Claire Griffith has it all, a thriving career, a gorgeous boyfriend, glamorous friends. She always knew she was destined for more than the life her conservative parents preached to her. Arriving in Los Angeles flat broke, she has risen to become a popular fitness coach and social media influencer. Having rebranded herself as Cleo Ray, she stands at the threshold of realizing her biggest dreams. One summer day, Cleo and a woman named Beck Alden set off in a canoe on a serene mountain lake. An hour later, Beck is found dead in the water and Cleo is missing. Authorities suspect foul play, and news of Cleo's involvement goes viral. Who was Beck? An infatuated follower? Were she and Cleo friends or lovers? Was Beck's death an accident . . . or murder?
While The Anatomy of Desire differs with its source material in several significant ways, it does invite us, as Dreiser did nearly a century ago, to interrogate the important questions of intent and culpability and how those are channeled through our legal system. Cleo is arguably a more sympathetic character than the protagonist of the older novel—and I have a very definite opinion on whether the state’s burden of proof for the first-degree murder charges against her was met based on my own upbringing and philosophies, which feel incongruent from the mainstream—but the genius of L. R. Dorn’s work here is in getting the reader to think about who societies punish and why and how our cultural sensibilities change around the concept of shame, especially as it has to do with authenticity. This is a gripping, compelling read that does justice to its source material while also sensitively exploring the constant struggle between capitalism and morality in our everyday lives, brought to a head one afternoon by two women whose shared yet conflicting desires to be loved can only end in tragedy.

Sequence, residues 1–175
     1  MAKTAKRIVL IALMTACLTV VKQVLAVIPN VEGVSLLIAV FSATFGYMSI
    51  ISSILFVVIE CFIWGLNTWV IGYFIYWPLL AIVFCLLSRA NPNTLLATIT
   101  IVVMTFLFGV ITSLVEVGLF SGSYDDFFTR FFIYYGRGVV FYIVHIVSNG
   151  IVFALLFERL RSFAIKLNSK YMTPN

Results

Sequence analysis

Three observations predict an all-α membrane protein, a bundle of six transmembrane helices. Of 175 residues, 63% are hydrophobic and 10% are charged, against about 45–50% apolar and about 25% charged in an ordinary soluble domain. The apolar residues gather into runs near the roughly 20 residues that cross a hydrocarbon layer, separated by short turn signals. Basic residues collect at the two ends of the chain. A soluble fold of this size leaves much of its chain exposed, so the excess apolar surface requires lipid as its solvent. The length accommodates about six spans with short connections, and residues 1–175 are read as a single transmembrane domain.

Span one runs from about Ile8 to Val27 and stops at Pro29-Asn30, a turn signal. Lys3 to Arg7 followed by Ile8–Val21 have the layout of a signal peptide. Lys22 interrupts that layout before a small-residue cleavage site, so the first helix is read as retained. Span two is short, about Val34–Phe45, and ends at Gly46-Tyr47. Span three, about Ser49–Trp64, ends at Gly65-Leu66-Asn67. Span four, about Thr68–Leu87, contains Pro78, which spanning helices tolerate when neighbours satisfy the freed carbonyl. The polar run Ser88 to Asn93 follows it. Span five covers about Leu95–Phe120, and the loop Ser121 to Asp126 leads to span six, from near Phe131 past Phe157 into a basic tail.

The novel is written in a docuseries format, jumping from testimony to inner thoughts to documentary statements of various participants in a fast-paced narrative. For fans of true crime and podcasts such as Serial, this riveting mock podcast docudrama ratchets up the suspense as readers glimpse every angle of the story from a 360–degree view.
In podcast style, the mystery gives us a range of voices and perspectives, from the boathouse attendants on, held together by the narrator. The advantage of this format is its great immediacy. However, since the book is written as a script, it lacks the depth of a novel and can’t provide the ambient sounds of a podcast or the visuals of a docuseries. Still, this will be intriguing for podcast fans.